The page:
Flaps, you couldn't be more correct! My son has a peanut allergy (ingestion only, not airbourne) and we fly WN all the time. It's on his RR profile, and we always make sure to call reservations to make sure it's on after it's ticketed. WN considers it a handicap, and they allow us to board first mainly so that the crew can put away the peanuts. When we get to our seats we have Clorox wipes and wipe down his seat, the back of the seat in front of him, the arm rests, tray table, sidewalls and window. We do the same when we fly on other carriers and we've never had an issue. Unbeknown to us until earlier this year, if WN sees a reservation with a peanut allergy, they will do their best to make sure that the airplane's entire line of flying that day is peanut free before that particular person flies.

When we flew Delta earlier this year in the rear Y cabin on a 767-400, the On Board Leader asked us if they could serve almonds and cashews to the folks up in Delta One, which we said yes to, as he's not allergic to tree nuts, and we were the only peanut allergy on the plane.
 
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AAlaxfan
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Re: Southwest removes passenger with pet allergy

Wed Sep 27, 2017 6:28 pm

Jetsouth wrote:
She should not be removed. Taking a pet on a plane should be a privilege, not a right. If anyone is disrupted by a pet, it should be the pet owner that should be removed, not the person suffering as a result of the pet being on the plane. Alternatively, pets should be carried in the baggage hold, like the old days, or perhaps a row or two of seats in the back of the plane could be specifically designated as "pet carrying seats". Then those affected by pets can book seats far away from these seats.

It was Southwest. No assigned seats.
She has the allergies, she is responsible for her medical safety while traveling, whether it be by foot, car, bus, train, plane or boat. The airline did the proper thing by asking her to leave when she could not provide proof of her allergy or show that she had the appropriate life-saving treatments readily available. She made the scene by refusing.
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ScottB
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Re: Southwest removes passenger with pet allergy

Wed Sep 27, 2017 6:34 pm

blockski wrote:
Here's a long essay calling for pet owners to stop abusing the system by sneaking their pets into the 'service animal' category when they are not: https://www.outsideonline.com/2236871/s ... rvice-dogs


A minor point with respect to airlines vis a vis the content you highlighted is the fact that airlines are covered under the Air Carrier Access Act (ACAA), not the ADA, and as such the requirements are somewhat different. Airlines are required to accommodate emotional support animals as long as the appropriate supporting documentation is provided by the passenger.

Jetsouth wrote:
She should not be removed. Taking a pet on a plane should be a privilege, not a right. If anyone is disrupted by a pet, it should be the pet owner that should be removed, not the person suffering as a result of the pet being on the plane. Alternatively, pets should be carried in the baggage hold, like the old days, or perhaps a row or two of seats in the back of the plane could be specifically designated as "pet carrying seats". Then those affected by pets can book seats far away from these seats.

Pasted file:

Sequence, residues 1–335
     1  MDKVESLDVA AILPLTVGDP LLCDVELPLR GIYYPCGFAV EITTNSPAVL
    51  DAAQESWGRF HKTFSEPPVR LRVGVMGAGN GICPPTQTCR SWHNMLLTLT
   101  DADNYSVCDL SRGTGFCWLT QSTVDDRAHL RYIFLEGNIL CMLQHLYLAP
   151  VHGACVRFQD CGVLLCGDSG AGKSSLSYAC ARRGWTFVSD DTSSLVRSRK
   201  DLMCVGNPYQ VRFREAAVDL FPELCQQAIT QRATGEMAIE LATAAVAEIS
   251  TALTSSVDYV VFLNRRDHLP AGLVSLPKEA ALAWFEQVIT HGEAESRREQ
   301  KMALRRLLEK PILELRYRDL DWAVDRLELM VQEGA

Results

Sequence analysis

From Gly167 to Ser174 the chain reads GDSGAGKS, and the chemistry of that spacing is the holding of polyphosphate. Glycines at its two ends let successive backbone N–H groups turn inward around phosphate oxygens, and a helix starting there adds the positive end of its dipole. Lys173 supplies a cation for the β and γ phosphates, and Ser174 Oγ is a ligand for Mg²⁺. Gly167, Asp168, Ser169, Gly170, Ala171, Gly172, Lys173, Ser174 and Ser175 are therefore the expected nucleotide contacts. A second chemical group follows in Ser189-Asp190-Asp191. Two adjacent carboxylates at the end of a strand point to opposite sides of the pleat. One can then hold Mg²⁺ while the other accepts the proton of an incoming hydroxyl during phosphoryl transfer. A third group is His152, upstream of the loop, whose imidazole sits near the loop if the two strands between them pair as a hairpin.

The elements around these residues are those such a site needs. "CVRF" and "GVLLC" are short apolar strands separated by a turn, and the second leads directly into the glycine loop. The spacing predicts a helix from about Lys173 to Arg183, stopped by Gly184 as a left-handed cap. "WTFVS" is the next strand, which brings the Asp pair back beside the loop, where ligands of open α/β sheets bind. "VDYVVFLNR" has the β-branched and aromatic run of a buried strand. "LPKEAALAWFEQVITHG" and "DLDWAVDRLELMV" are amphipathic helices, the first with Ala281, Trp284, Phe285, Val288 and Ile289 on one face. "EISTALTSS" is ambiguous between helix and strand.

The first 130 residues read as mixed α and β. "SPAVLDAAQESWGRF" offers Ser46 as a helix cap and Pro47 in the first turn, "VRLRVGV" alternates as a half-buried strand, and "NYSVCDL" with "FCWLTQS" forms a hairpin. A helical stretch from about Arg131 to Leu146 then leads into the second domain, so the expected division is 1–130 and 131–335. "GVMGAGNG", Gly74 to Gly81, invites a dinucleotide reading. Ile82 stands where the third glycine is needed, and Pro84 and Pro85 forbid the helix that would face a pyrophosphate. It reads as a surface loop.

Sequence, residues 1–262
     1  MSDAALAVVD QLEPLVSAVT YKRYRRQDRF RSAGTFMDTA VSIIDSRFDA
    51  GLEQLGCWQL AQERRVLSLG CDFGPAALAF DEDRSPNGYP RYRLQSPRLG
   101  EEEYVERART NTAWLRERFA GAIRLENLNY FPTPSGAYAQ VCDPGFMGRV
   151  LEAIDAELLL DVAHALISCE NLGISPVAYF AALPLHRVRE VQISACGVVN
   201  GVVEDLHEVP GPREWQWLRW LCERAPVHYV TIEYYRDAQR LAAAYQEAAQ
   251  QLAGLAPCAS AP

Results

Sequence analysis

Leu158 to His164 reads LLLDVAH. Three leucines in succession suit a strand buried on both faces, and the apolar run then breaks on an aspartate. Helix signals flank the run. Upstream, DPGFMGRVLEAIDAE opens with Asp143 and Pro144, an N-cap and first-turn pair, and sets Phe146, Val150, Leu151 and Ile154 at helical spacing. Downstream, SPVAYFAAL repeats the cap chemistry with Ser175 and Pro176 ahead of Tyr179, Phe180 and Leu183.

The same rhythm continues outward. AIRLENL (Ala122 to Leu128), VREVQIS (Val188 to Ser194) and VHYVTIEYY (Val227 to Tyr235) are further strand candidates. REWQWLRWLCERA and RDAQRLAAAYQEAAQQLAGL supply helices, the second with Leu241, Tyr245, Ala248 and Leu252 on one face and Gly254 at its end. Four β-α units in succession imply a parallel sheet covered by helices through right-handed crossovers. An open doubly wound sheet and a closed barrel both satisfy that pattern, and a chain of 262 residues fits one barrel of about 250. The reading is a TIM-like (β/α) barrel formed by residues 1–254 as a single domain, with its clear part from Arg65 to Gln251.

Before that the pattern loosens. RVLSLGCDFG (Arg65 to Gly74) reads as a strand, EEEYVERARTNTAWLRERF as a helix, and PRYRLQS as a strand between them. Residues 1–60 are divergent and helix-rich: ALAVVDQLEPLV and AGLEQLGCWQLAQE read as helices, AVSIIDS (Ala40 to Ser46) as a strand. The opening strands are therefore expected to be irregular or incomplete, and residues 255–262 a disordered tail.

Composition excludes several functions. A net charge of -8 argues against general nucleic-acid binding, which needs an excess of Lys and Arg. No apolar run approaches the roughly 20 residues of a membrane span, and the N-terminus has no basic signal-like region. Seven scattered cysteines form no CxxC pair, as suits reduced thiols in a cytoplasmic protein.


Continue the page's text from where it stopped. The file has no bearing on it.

In the end her rights as a person with a disability (a life-threatening allergy) don't necessarily trump the rights of another person with a different disability (a mental disorder which necessitates an emotional support animal when traveling). And, in fact, the person with the emotional support animal has presumably provided documentation from a medical professional which apparently the woman removed from the aircraft did not provide regarding her allergy.

If you're an individual with a life-threatening allergy to per hair or dander, it is absolutely critical to inform any transportation provider before traveling given that the vehicle (bus, plane, train, etc.) may contain deadly allergens left behind by previous passengers and their animals. I can't imagine why a person at appreciable risk of dying from a pet allergy would struggle to stay on a flight if it were clear the pets weren't going to be removed!
Last edited by ScottB on Wed Sep 27, 2017 6:37 pm, edited 1 time in total.
 
evank516
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Re: Southwest removes passenger with pet allergy

Wed Sep 27, 2017 6:53 pm

Clipper136 wrote:
If she had a "life threatening" allergy, you'd think she'd be off the plane like a shot! Removing the pet from the plane doesn't remove the threat to her life. The aircraft is already contaminated with the animals hair and dander.


If she had "life threatening" allergy, you would think her health would have already deteriorated significantly.

As for someone who mentioned the nut allergy, airlines actually accommodate that. WN is one, jetBlue is another (first hand experience with jetBlue).
 
Yflyer
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Re: Southwest removes passenger with pet allergy

Wed Sep 27, 2017 7:09 pm

Cubsrule wrote:
CantbeGrounded wrote:
Cubsrule wrote:

Use of the phrase "emotional support animal" rather than "service animal" is at least somewhat suggestive, no?


Nothing is known regarding the passenger's personal situation or how he/she is assisted by an animal.


So words don't matter? "Service animal" and "emotional support animal" are both terms of arts. I assume the author meant what he or she wrote.


Yeah, someone on another board educated me when I used "service animal" and "emotional support animal" incorrectly. They're not the same thing, apparently. The difference, as I understand it, is: